Splattered with sexy blood and fairly creaking under all of that carefully-crafted history, Dragon Age was a decade in the making. The sequel, on the other hand, has been in development for a couple of years at most.
And yet, like those creepily precocious tweenage murderers in a certain kind of horror film, it's learned a lot in a very short space of time. The first game was about world building: this is about knocking that world into a slightly different shape. How you feel about that agenda may depend, initially at least, on which kind of RPG you prefer.
Or perhaps that should be which kind of BioWare RPG you prefer. Dragon Age II will still meet all of your chatting and stabbing requirements, and you'll still be gathering and managing a large party. However, a little of the streamlining polish of the Mass Effect games has been applied to proceedings.
The story's a bit more controlled, for one thing. There are choices to be made and consequences to unfold, but you're wedged firmly into the shoes of one fully-voiced character, Hawke, from the very start. While you can mess around with Hawke's gender, face, and class, you can't tamper with his or her race or – to a certain degree – eventual destiny.
The game's wider story will give you a massive chunk of Hawke's life to screw around in, however. Set after the Blight, Dragon Age II charts Hawke and his journey from refugee to hero.
A recent hands-on Xbox 360 demo, meanwhile, has a much more limited scope. There's a bit of story - Hawke meets up with Dragon Age: Origins alumna (alumnus? alumni? cohort?) Isabela, a pirate captain, and helps her kick in some baddies – but the real focus is on getting a sense of how the game feels.
The demo is set in the city of Kirkwall and in a district which I think is called High Town - this being a fantasy world it's probably spelled Huyjklle Taurne, however. In any case it's an imposing place, with broad stone streets strung between the towering bulks of huge grey buildings. It's an area with so many colonnades, sweeping arcs of steps and craggy finials on display that you can almost hear Kevin McCloud weeping at how bourgeois it all is.
Due to the grandeur of the location it's a safe bet to suggest you're going to spend a lot of in-game time in High Town. For now, however, its primary use is as a means of showing off the Rogue class.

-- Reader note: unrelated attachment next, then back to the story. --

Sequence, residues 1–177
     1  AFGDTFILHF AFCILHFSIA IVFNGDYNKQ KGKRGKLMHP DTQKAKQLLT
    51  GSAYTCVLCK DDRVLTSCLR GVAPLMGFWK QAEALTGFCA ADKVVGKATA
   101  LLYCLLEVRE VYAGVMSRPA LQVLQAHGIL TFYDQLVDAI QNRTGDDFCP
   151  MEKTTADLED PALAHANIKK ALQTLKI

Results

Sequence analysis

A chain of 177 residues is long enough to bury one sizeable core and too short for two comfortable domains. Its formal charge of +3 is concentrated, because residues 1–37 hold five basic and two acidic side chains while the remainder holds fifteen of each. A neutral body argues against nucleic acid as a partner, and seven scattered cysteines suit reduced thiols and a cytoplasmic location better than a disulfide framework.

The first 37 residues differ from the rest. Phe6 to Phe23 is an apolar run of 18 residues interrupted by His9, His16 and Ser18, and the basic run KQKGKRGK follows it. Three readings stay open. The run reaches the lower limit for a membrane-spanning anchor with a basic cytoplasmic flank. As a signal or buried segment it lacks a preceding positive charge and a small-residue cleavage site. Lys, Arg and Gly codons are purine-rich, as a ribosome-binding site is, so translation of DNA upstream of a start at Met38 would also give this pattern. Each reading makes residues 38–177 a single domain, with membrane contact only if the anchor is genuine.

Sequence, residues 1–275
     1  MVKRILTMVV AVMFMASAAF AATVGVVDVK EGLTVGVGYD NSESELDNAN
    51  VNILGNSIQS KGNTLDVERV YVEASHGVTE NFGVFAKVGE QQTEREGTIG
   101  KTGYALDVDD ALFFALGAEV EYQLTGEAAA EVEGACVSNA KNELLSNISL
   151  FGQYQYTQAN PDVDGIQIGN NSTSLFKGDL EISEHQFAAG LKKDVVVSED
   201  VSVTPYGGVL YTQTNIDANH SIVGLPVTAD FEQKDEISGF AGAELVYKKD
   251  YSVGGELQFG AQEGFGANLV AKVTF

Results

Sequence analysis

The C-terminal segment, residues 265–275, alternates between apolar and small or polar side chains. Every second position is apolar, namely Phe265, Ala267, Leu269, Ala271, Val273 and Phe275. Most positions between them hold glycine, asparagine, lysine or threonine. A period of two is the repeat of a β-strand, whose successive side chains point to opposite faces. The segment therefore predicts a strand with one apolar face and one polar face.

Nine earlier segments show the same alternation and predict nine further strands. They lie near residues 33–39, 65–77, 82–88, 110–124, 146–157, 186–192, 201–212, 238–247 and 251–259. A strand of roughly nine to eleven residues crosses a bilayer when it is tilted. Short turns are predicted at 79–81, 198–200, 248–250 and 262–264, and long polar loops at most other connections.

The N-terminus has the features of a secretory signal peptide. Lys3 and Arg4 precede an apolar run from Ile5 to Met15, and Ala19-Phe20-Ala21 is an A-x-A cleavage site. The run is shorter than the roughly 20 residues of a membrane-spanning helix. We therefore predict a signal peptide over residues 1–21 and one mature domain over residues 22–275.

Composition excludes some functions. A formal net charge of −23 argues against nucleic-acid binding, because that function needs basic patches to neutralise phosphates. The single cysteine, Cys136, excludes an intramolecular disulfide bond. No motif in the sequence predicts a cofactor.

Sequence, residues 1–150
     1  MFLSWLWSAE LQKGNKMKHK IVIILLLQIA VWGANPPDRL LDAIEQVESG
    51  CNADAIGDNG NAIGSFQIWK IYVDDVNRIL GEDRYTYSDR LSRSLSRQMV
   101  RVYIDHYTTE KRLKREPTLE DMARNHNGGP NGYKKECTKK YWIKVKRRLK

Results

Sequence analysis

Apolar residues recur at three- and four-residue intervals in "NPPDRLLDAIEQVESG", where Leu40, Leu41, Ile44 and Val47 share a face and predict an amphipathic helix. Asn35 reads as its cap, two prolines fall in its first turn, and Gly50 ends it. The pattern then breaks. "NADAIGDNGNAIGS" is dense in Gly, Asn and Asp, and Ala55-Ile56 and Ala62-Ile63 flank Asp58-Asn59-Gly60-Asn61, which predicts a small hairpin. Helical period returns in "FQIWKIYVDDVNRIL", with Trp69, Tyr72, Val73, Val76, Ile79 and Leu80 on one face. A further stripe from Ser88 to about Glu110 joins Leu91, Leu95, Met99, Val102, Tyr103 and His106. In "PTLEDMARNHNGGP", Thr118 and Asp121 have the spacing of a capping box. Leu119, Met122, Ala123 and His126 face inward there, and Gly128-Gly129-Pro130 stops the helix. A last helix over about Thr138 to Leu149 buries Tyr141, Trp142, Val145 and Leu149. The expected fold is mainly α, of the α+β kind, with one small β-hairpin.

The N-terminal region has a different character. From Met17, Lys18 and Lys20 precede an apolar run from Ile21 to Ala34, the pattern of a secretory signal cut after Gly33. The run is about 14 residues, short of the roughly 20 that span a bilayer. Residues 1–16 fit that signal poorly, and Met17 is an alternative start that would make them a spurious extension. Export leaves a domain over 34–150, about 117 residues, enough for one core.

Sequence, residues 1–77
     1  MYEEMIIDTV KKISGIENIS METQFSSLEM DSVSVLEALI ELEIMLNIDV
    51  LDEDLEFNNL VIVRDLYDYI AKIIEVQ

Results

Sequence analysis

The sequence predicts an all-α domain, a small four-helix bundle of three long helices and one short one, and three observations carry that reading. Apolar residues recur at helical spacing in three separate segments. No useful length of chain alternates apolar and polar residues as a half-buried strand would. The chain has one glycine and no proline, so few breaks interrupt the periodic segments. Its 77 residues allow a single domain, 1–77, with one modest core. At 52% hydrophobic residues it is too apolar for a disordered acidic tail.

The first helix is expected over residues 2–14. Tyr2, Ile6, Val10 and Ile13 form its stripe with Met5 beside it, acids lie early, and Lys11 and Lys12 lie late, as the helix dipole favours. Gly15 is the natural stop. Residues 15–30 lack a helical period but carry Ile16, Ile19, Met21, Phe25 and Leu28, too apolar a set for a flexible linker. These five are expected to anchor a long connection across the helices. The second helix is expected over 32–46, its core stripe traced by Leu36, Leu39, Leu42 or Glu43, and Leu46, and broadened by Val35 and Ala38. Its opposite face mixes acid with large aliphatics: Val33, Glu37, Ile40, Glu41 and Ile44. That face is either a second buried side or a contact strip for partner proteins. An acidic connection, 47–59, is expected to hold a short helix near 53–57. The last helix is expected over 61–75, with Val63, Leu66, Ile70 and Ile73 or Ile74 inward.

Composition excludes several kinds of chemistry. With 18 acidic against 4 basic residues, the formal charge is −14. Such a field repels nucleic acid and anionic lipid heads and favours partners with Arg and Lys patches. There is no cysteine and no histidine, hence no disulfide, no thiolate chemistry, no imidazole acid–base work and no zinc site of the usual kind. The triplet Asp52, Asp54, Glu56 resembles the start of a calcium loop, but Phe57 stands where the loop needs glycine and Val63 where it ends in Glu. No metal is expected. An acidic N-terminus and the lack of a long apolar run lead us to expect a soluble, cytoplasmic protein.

Hawke may have a more defined background this time but he still has a range of classes to choose from: Warrior, Mage, and Rogue. The Rogue, to quote the BioWare rep who's on hand to make sure I don't steal anything, is "the scalpel", lithe and mean-spirited in combat, and ready to spring in and out of the danger zone like a tooled up member of Stomp! before plunging a knife into you and disappearing once more.
Rogues have decent ranged and close-up fighting options. They can turn themselves into fearsome archers or nimble, stealthy predators. They're the flashy middleman sitting between the heavier Warrior and the healing Mage, in other words, and they may well be the most entertaining of all three.
Plus, they're spectacularly suited to the combat system. The basics from Dragon Age remain in place – you can still switch between team members with a bumper and assign orders to team-mates, and in the PC version you'll be able to pull out a lot further and get really tactical.
However, the end result feels far more dynamic. Dr Ray Muzyka has said that he wants to ensure that, this time, whenever you press a button something awesome happens (Dr Ray Manzarek has also said this), and the design team seems to be delivering on that objective.
The animation seems to have a lot more flourish to it - rivals move around each other looking for openings, melee attacks connect more painfully, swords slice more closely and magic sends pretty little whispers of particles out when it strikes its target.
Movement's certainly speedier. This makes the fights feel so immediate and pacy that it's almost a shock when the cooldowns first kick in. Then, of course, the pleasant micromanaging takes hold as you balance a trio of offensive options (the Rogue's backstab manoeuvre is particularly good fun) against the time it takes to recharge them. And so you end up flitting between characters when you get bored in order to dish out punishment from another angle. Have at you, etc.
The chatty side of things also been overhauled. The dialogue wheel of Mass Effect has been brought in, trailing with it all the inherent pleasures of watching as your basic conversational choice turns into full-blown speech.
The camera appears to be more cinematically inclined, roving around the players, shifting between close-ups and distance shots. There's also an artful approach to framing which makes the original game look a little shabby.
I'm sure BioWare's retaining the depth - my conversation with Isabela's enemies ended in an almighty rumble, but it's entirely possible that I just missed the option to settle things with smart wordplay – yet it's nice to see the developer layering some of the gloss and finesse of Mass Effect onto this particular world too.
This demo's a tiny, tiny slice of a massive game. With a story that spans ten years of Hawke's life, BioWare's billing it as the studio's lengthiest bit of plotting yet. It's going to be interesting, once again, to see how Dragon Age feels on the PC as well as the console, but it's a confident and personable performance all the same.
For the time being, it's enough to know that for all the tweaks, this still feels like Dragon Age - and it definitely still feels like BioWare, too.